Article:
A Wondrium video course on Tibet written and narrated by Lawrence University professor Constance Kassor has won a 2024 Telly Award.

The 24-part lecture series, Tibet: History, Culture, and Religion, won a Silver Award in the Education and Training – Non-Broadcast category. The video series, released in May 2023, is built upon the research and expertise of Kassor, associate professor of religious studies and special assistant to the president at Lawrence.

The Telly Awards honor excellence in video and television across all screens. More than 13,000 entries were submitted.

“Telly Award winners represent work from some of the most respected advertising agencies, television stations, production companies, and publishers from around the world,” the organizers said.

Take courses on world religions, as well as interdisciplinary courses that explore the broader implications of religious traditions throughout history. 

The Wondrium team leading Kassor in the development of the Tibet series included producer Tom Kryzwicki and content developer Elliot Blair Smith.

Kassor said the entire project took two years to complete. The first 18 months—spring of 2021 to late 2022—were spent researching, writing, and working with the content developer to craft all 12 hours of material. Kassor then spent a week in December 2022 at Wondrium’s offices in Chantilly, Virginia, recording the series. Over the next six months, Kassor worked with the production team to create the final edits, including putting Tibetan text and relevant maps and images on screen, before it was released in May 2023.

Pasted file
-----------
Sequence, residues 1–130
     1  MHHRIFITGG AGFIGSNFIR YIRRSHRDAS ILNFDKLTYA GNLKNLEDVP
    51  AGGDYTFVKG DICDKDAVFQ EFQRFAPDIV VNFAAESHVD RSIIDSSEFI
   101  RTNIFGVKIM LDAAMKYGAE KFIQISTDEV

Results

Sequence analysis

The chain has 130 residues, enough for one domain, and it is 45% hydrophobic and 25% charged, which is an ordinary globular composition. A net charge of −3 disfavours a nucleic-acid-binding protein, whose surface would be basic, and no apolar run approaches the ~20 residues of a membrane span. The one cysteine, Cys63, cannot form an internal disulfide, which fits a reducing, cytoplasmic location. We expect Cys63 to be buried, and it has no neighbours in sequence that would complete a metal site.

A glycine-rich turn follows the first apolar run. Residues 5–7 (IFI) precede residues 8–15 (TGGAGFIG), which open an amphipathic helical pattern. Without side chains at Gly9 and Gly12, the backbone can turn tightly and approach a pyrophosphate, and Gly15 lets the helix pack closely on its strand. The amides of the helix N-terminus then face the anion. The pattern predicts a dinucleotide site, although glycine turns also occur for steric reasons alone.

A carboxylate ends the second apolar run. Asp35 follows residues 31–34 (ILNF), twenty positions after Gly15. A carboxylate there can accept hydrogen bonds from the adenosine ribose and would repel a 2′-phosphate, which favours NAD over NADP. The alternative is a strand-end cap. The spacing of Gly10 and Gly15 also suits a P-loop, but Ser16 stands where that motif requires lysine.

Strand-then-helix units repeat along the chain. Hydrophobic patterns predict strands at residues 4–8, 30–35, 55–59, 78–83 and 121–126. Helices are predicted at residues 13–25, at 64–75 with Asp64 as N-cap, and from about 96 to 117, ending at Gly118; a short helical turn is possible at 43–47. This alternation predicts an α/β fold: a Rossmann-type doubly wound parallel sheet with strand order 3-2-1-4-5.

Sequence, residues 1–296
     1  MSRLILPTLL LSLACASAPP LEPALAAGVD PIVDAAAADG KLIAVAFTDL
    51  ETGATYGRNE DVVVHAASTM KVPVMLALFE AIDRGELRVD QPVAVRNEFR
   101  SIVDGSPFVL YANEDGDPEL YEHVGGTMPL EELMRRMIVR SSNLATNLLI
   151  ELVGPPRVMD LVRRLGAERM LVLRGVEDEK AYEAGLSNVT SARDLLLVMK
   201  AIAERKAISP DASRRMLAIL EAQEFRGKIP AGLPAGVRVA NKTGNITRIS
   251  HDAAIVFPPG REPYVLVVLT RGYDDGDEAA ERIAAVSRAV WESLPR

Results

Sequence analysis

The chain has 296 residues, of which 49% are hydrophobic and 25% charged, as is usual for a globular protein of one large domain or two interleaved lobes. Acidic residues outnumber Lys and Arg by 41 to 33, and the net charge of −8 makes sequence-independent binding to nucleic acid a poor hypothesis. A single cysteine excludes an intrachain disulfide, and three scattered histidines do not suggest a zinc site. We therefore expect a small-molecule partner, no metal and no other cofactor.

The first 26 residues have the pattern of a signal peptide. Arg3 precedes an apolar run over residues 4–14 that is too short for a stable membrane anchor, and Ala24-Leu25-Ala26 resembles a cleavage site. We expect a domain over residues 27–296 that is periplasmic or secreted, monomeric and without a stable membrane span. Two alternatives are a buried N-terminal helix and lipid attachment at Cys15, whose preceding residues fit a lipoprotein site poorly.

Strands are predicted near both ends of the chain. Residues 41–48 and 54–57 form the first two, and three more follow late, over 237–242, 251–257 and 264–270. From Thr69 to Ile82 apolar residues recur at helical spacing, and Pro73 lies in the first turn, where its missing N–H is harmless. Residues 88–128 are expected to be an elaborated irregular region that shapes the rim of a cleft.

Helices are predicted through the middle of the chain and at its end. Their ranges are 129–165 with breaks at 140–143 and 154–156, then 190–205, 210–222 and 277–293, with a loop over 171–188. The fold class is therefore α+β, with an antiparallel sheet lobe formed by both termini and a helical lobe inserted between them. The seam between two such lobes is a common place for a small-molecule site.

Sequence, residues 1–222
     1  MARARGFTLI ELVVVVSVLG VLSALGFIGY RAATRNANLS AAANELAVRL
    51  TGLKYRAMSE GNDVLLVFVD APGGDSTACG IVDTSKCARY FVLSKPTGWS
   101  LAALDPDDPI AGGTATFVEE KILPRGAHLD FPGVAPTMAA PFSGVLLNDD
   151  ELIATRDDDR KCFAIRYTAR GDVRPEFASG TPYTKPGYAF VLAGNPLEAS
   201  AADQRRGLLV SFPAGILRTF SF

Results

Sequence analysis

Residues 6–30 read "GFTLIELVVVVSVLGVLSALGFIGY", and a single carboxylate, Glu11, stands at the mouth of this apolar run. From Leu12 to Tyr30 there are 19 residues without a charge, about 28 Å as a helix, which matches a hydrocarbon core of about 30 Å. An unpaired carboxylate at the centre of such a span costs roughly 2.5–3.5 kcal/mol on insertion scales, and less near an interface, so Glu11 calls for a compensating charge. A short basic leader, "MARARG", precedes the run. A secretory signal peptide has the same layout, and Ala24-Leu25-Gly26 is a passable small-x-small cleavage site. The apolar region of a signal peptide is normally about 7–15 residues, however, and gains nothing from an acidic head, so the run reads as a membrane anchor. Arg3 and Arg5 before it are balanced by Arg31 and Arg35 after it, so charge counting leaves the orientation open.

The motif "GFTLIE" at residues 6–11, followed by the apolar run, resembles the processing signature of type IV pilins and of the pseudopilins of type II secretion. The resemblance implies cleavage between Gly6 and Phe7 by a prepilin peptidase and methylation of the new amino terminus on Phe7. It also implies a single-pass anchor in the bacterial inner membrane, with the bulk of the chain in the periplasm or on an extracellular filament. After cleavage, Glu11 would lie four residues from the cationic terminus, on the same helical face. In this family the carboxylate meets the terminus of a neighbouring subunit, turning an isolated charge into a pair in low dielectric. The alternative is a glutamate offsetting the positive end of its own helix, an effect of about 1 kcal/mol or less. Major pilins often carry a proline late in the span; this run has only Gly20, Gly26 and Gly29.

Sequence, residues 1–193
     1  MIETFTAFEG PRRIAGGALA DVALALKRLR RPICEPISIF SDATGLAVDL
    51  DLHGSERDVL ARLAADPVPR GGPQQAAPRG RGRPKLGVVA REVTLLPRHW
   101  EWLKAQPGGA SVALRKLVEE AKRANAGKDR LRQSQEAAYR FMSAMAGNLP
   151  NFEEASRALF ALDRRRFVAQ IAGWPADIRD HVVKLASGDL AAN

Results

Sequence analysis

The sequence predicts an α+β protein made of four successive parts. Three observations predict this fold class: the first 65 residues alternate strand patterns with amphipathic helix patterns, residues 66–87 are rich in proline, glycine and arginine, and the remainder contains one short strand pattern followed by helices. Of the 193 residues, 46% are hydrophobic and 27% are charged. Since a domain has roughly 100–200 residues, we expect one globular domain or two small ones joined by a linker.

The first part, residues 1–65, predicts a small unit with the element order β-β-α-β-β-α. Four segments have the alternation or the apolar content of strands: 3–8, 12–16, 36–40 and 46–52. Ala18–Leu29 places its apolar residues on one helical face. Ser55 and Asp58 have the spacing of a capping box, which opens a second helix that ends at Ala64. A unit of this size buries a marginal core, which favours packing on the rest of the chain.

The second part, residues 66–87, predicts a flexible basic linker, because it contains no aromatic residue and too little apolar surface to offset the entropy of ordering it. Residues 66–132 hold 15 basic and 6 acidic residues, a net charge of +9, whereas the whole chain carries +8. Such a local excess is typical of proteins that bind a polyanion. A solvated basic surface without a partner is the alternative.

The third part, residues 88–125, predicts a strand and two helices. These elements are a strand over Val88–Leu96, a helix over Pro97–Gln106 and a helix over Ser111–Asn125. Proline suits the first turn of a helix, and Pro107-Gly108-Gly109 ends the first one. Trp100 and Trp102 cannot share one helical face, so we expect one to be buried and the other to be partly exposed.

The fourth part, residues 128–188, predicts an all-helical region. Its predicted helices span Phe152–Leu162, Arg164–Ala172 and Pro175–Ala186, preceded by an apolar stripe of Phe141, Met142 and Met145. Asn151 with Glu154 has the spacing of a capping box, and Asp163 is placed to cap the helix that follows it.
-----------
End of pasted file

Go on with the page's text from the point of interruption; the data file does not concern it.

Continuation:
“This project was a massive undertaking that took a lot of time and involved a huge team,” Kassor said. “I'm genuinely surprised to get the news about this award, and I'm delighted that this is something that others have found beneficial and engaging.”

Cover of Tibet: History, Culture, and Religion
Tibet: History, Culture, and Religion was released by Wondrium in May 2023.

The series teaches about the history, culture, religion, and political contention of the Tibetan plateau, commonly referred to as “the roof of the world.” The lectures, ranging from 18 to 30 minutes, take learners from prehistory to present day, and touch on Buddhism, Tibetan food, the Dalai Lamas, and more.

“If Tibet is in people’s consciousness at all, it’s this image of some faraway place,” Kassor said. “What I wanted to show is that it’s a real, complex place and not some idyllic, untouched place.”

Kassor has been a member of Lawrence's religious studies faculty since 2016. She primarily teaches courses on Buddhist thought and Asian religious traditions. Her research focuses on Tibetan Buddhist philosophy.